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Kenny Pickett is not a franchise quarterback. But he can be.
The Pittsburgh Steelers must do whatever it takes to properly build this year’s 20th overall winner and position him to succeed.
That’s not the case right now, despite Monday’s 24-17 win over the Indianapolis Colts.
At best, the win showed how far away the Steelers are from being a consistently competitive team and how much the offensive needs to improve both in terms of structure and personnel.
Dueling an inept Colts offense led by a severely restricted Matt Ryan is not a feather in the Steelers’ cap. Sure, every win is a good win. At the same time, both teams struggled throughout the competition, especially when asked to move the ball regularly.
To Pickett’s credit, the rookie put together a good performance. He completed 71.4 percent of his passes for 174 yards, earned an 87.5 passer rating, and rushed for 32 yards.
Those numbers might seem meagre at first glance, but Pittsburgh’s wide receivers dropped multiple passes after Pickett made accurate throws. Its ability to lengthen plays also served as a critical component in lengthening some drives.
“He’s getting better every week,” Tomlin told reporters. “It’s very natural because of the experience. He’s a competitor. He is smart. But there’s still plenty of meat on the bone. It’s just a process.
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“But like I always say, he’s good enough and we’re good enough to win while that’s happening. So we don’t rate him or us on a curve. We recognize he’s very much in development… with every snap bringing revelation. Hot guys, guys who are competitors grow on these things.”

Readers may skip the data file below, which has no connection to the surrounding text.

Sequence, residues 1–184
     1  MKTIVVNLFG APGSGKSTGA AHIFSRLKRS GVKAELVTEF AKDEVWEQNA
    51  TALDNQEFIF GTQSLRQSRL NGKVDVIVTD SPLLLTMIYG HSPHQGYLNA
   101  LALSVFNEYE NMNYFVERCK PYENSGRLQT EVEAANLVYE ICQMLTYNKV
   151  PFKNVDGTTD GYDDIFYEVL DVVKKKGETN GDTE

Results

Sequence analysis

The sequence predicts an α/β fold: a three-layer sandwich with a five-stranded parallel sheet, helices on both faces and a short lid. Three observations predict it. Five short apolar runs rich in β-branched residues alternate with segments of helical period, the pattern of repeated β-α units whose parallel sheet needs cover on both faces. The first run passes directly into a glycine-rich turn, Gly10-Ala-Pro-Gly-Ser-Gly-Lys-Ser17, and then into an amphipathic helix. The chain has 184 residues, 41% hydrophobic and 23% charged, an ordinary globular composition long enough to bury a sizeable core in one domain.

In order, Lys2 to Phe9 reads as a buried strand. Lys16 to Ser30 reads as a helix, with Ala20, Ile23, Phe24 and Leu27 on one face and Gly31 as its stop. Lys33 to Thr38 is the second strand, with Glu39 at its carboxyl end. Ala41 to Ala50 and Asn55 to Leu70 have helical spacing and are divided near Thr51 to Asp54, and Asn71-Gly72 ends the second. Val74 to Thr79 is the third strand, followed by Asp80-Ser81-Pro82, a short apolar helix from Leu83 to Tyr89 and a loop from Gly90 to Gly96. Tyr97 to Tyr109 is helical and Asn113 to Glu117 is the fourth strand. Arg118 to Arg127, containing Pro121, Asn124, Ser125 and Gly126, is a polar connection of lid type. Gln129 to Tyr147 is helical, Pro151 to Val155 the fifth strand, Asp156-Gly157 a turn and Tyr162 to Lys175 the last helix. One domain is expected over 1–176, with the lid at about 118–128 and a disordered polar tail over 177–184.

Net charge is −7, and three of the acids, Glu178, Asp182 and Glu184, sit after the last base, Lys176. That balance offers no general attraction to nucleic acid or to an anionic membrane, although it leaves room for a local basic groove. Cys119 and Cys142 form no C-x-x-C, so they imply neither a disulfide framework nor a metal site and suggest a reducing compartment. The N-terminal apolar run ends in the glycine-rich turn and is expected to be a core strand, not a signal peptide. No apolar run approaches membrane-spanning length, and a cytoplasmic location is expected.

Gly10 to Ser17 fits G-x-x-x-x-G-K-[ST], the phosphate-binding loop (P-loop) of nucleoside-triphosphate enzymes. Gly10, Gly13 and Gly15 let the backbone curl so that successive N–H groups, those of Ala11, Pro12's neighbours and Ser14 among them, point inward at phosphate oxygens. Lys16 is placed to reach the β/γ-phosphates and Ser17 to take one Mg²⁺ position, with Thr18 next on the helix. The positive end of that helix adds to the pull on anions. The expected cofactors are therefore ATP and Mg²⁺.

All in all, the signal caller played football more efficiently in the first year than it should have been, as the Colts constantly utilized soft zone coverage and typically sent four men to rush the passer.
In fact, Pickett hasn’t committed a turnover in three straight games despite the fact that he can do so much more when given the opportunity. At the moment, all offense is limited, and these problems don’t necessarily fall at the feet of the beginner.
The scheme is predictable, overly simplistic and uninspired. Head coach Mike Tomlin needs to find a replacement for offensive coordinator Matt Canada after this season.
“We gave them plays,” Cincinnati Bengals linebacker Germaine Pratt told CBS Sports just last week after his team clinched a 37-30 win over the Steelers. “We knew what they would do. They like to play the same pieces over and over again.”
Tomlin and Canada downplayed the comments by the squad’s subsequent preparation for the Colts.
“They did [the Bengals] say when they’re successful and they don’t say it when they’re not,” said the head coach. “I don’t think too much about that. I focus on things that are within our control.”
Canada said: “I was made aware of what was said. I’ve known Pratt since he was in high school. Because you do all your research, sometimes there is more to the stories. It is what it is. I will not win the game. We weren’t good enough in the second half.”
It turns out that winning or losing doesn’t matter in this case based on what happened on Monday.
A Colts defender was over us during the TV showyells, “They’re the same pieces.”